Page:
Over the past two decades, the open Internet has become so central to our everyday lives that many people living in democratic countries now take it for granted. Our free and open Internet gives all of us the power to communicate, advocate, innovate, and share ideas with each other. We know the Internet is a crucial tool for people around the globe to share ideas and work collectively to build the world we all want.
Yet, as recent shocking revelations have shown, the Internet freedoms that many take for granted are increasingly under siege -- whether from intrusive secret government spying, or from old media conglomerates trying to shore up their outdated business model by pushing for extreme new Internet censorship rules. These threats have sparked a remarkable wave of protest from hundreds of thousands of pro-Internet citizens across the globe.
Since Internet use first became widespread in the early 1990s, we've seen powerful and unaccountable interests attempt to undermine our open Internet -- whether by monitoring our communications, censoring free expression online, clamping down on our innovation, or hindering the free flow of ideas.
Over the years, we've seen this threat manifest itself through an alphabet soup of initiatives such as ACTA, PIPA, SOPA, and most recently the Trans-Pacific Partnership (TPP) and the disturbing revelations of blanket spying by the U.S. NSA, Britain's GCHQ, and Canada's CSEC on the Internet activities of millions of innocent citizens.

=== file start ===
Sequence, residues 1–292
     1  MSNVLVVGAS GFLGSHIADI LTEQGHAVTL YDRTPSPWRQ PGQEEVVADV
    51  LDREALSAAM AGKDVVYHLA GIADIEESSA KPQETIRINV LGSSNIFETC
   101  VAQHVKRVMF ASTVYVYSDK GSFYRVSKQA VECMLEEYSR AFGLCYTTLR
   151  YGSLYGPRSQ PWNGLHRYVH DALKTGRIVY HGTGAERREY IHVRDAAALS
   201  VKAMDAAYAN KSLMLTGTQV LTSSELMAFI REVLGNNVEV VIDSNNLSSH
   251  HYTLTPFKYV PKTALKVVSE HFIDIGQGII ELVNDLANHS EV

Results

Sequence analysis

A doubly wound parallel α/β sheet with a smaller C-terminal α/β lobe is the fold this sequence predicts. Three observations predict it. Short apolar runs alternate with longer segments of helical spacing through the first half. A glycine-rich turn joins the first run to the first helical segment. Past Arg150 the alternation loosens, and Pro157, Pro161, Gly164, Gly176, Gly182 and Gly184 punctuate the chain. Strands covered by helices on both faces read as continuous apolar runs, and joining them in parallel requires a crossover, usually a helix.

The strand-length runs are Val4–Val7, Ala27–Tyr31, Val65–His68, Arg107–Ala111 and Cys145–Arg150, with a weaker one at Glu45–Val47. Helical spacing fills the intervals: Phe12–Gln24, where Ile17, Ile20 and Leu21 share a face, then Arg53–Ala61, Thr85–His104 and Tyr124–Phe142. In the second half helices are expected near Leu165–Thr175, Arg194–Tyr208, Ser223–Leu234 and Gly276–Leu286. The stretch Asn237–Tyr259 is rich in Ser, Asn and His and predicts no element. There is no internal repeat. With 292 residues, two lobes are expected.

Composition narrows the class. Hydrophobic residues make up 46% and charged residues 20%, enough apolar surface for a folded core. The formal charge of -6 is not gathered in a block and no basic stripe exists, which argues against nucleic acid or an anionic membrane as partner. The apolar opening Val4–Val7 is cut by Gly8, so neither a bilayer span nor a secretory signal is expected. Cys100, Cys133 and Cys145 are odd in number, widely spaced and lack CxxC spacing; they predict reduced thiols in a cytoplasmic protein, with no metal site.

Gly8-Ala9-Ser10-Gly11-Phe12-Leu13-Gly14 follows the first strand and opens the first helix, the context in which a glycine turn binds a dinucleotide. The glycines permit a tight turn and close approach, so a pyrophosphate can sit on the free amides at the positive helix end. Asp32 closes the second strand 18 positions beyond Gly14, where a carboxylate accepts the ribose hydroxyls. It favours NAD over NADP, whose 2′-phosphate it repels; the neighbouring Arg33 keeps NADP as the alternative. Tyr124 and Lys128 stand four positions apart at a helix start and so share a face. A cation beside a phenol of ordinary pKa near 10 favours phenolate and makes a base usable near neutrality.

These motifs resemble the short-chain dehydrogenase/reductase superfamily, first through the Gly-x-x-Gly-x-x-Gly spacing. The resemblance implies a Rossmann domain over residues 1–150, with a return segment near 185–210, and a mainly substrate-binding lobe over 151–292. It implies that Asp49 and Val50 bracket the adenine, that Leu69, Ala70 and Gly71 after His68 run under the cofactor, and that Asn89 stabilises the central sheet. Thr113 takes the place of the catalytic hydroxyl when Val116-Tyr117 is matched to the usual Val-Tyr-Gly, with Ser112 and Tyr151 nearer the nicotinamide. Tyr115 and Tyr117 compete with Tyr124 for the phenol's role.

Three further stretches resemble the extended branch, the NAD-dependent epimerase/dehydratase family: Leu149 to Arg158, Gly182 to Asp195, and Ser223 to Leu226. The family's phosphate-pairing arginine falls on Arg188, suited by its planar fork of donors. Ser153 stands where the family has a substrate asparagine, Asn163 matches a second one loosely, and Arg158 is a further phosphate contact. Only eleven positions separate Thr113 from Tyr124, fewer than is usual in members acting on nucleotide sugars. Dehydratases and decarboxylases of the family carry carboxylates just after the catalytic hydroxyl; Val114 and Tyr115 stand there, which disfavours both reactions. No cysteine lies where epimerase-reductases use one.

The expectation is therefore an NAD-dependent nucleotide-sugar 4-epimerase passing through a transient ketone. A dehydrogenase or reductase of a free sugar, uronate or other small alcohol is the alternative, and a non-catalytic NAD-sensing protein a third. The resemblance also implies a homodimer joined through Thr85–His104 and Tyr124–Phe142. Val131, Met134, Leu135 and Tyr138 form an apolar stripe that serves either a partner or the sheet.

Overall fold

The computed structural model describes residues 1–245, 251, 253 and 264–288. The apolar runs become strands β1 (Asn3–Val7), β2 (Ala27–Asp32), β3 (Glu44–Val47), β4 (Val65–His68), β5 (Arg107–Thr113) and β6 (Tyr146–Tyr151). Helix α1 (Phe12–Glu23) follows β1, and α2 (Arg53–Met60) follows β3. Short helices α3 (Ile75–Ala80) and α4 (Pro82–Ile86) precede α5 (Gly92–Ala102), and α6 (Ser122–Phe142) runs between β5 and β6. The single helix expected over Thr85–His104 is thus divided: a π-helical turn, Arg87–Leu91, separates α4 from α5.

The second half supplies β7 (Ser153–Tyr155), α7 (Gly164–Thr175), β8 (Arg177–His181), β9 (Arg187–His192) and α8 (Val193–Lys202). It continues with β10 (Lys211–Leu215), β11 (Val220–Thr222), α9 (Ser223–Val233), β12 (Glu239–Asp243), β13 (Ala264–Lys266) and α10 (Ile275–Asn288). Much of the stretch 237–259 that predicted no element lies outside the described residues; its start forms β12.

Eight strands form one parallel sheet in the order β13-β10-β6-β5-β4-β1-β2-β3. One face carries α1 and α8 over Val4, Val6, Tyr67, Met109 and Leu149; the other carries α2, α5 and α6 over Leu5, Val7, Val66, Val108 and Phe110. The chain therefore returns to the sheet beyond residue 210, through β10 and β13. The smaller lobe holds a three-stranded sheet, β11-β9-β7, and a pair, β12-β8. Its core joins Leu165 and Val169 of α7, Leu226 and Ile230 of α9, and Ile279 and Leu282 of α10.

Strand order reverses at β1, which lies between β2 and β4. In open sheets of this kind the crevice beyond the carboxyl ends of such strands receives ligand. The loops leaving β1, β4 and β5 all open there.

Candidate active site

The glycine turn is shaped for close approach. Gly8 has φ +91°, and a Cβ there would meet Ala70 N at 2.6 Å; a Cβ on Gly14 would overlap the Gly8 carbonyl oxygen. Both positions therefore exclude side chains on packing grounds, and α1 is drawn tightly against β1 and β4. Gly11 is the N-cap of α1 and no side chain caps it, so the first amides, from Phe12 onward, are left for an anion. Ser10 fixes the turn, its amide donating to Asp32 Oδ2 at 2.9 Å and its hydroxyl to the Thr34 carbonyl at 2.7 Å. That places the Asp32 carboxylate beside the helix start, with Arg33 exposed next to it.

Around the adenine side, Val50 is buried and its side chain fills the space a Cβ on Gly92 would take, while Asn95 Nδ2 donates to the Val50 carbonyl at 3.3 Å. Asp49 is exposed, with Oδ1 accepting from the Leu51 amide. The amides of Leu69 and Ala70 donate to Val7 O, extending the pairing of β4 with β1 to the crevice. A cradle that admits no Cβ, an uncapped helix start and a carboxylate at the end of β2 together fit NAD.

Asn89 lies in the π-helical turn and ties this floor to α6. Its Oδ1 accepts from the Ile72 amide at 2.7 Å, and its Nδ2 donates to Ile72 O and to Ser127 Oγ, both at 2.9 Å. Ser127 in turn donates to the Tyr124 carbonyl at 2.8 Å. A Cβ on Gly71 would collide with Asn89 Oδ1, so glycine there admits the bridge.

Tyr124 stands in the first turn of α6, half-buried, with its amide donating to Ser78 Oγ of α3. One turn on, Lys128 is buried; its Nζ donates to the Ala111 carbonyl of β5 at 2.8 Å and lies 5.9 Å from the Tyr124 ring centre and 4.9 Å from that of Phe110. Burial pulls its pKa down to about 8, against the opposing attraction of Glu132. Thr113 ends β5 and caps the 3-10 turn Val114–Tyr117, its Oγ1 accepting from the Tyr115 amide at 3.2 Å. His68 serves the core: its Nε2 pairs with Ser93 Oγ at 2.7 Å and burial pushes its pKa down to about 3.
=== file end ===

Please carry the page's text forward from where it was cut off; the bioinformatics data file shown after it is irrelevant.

To defend the open Internet, hundreds of thousands of people and organizations, including OpenMedia.org, have come together to support the Declaration of Internet Freedom. We joined this international movement to defend our Internet freedoms because we believe that they are absolutely essential if we are to protect democratic values in an interconnected age.
The Declaration of Internet Freedom supports transparent and participatory processes for making Internet policy and the establishment of five basic principles:
- Expression: Don't censor the Internet.
- Access: Promote universal access to fast and affordable networks.